The Vermont Tech Jam packed about 70 exhibitors and hundreds of visitors into the Champlain Valley Exposition on Friday and Saturday. (Photo by Jason Starr)

In its 10th incarnation, the Vermont Tech Jam landed at the Champlain Valley Exposition last week.

Produced by Seven Days, the annual technology expo, career fair and speaker series has been a nomad in Chittenden County for the past decade. It has taken place in hotel conference rooms, a vacant Church Street building, Winooski’s Woolen Mill and Burlington’s Memorial Hall.

The location has remained unsettled partly to keep the event fresh, said organizer Cathy Resmer of Seven Days, but also because Burlington lacks a dedicated convention center. Will the expo become a long-term Tech Jam host? Only time, and an exhibitor survey, will tell.

“We’ll see how people like this space,” Resmer said. “We can do a lot with it. We can customize it. And everyone knows how to get here.”

About 70 exhibitors filled the expo’s Robert E. Miller building for the Friday and Saturday event. Among them was Colchester’s Vermont Information Processing, a Mountain View Drive business that’s a Tech Jam veteran and an event sponsor for the first time this year.

VIP employs about 200 people in Colchester and 300 nationally, with offices in four other states, according to human resources director Lindie Holsopple.

Founded in 1972, the company has innovated not only information management services for the beverage industry but also employee culture. VIP operates an in-house day care for employee/parents and in 2011 became 100 percent employee owned.

“[Employee ownership] really sets our company apart as far as the culture we have,” Holsopple said. “If we succeed as a company, that trickles down to us. We think about things like reducing expenses, because the money we save is going to come back to our employees.”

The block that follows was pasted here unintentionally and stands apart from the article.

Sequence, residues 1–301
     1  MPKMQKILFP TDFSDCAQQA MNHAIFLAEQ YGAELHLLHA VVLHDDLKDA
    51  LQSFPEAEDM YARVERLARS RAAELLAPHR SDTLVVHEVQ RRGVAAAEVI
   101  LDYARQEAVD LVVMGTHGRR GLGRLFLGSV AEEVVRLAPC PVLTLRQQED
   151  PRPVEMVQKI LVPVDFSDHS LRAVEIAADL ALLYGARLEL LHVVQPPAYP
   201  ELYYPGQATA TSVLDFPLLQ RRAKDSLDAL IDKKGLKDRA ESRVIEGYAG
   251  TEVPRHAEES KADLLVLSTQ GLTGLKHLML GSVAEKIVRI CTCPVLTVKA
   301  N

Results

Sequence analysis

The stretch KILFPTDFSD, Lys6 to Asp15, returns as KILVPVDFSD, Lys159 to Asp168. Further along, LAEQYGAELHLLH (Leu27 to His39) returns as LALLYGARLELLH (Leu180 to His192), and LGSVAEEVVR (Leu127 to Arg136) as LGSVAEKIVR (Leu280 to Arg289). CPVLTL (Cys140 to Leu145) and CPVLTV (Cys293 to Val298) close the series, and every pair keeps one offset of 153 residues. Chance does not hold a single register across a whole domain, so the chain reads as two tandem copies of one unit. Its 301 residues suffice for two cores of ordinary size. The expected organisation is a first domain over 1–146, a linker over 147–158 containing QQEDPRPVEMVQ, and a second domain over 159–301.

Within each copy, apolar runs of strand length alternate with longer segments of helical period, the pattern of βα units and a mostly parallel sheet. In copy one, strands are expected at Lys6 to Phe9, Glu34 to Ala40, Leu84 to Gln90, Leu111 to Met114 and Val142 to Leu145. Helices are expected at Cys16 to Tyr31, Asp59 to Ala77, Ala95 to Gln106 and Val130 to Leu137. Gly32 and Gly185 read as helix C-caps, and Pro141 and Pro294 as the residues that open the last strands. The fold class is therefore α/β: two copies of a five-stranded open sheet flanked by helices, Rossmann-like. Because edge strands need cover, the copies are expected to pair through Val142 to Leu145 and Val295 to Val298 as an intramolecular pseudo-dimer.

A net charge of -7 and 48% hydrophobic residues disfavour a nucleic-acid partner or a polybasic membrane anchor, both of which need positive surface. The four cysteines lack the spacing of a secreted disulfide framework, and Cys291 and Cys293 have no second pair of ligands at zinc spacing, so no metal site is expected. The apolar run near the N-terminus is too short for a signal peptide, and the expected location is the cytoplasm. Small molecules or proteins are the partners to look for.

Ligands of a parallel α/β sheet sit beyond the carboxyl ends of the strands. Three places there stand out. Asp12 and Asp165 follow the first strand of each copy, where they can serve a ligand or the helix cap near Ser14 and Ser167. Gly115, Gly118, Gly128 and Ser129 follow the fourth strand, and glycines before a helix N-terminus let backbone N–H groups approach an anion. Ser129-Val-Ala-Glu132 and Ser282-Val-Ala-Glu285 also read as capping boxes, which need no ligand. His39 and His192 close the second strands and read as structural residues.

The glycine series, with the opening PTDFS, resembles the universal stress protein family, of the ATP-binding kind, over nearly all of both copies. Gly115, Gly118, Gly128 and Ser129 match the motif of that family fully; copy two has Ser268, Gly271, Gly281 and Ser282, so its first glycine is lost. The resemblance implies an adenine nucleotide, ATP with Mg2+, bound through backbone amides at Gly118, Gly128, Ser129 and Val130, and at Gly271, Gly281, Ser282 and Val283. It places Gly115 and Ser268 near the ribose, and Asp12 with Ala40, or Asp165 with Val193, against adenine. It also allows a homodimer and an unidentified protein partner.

VIP attends the Tech Jam to recruit employees and raise brand awareness.

“It gets our name out there and lets people know what a great company we are to work for,” Holsopple said. “Our customer base has grown tremendously, and we need more manpower.”

A handful of Essex entities took advantage of the hometown location, including Revision, Flex-a-Seal and Heco Engineering.

Heco founder Emir Heco was nominated for a “Jammy” – a Tech Jam startup award – for founding Essex’s first co-working space, Excelerate Essex, in 2015 near Five Corners. Heco was a speaker Friday afternoon at the Tech Jam’s “Lightning Talk” series, featuring five-minute talks from representatives of seven Jammy-nominated companies.

Excelerate Essex, Heco said, is almost completely full. Heco sees it as an incubator for entrepreneurs to get a foothold before they’re ready to open their own offices and hire people.

“It’s not a business. It’s a community effort,” Heco said.

Dimitri Garder, co-founder of a co-working space in Bennington called Lightning Jar, re-enforced Heco’s assertion that co-working spaces must incorporate a variety of community assets to survive. They are not meant to be profitable, he said.

Lightning Jar is made possible by a donation of office space from the Vermont State Employees Credit Union.

Garder counts eight co-working spaces in Vermont and said the demand will increase as more workers become untethered from their employer’s location. The spaces also represent a homegrown path to economic development – “economic gardening,” Garder explained – versus an “economic hunting” model that focus on government incentives to attract existing businesses to locate in Vermont.

“Do we build our future economy, or do we buy it?” Garder asked. “I think we build it.”

Colchester may soon have a co-working space of its own. The Burnham Library recently took over use of the Colchester Meeting House, and library trustees have stated their desire to open a co-working space there.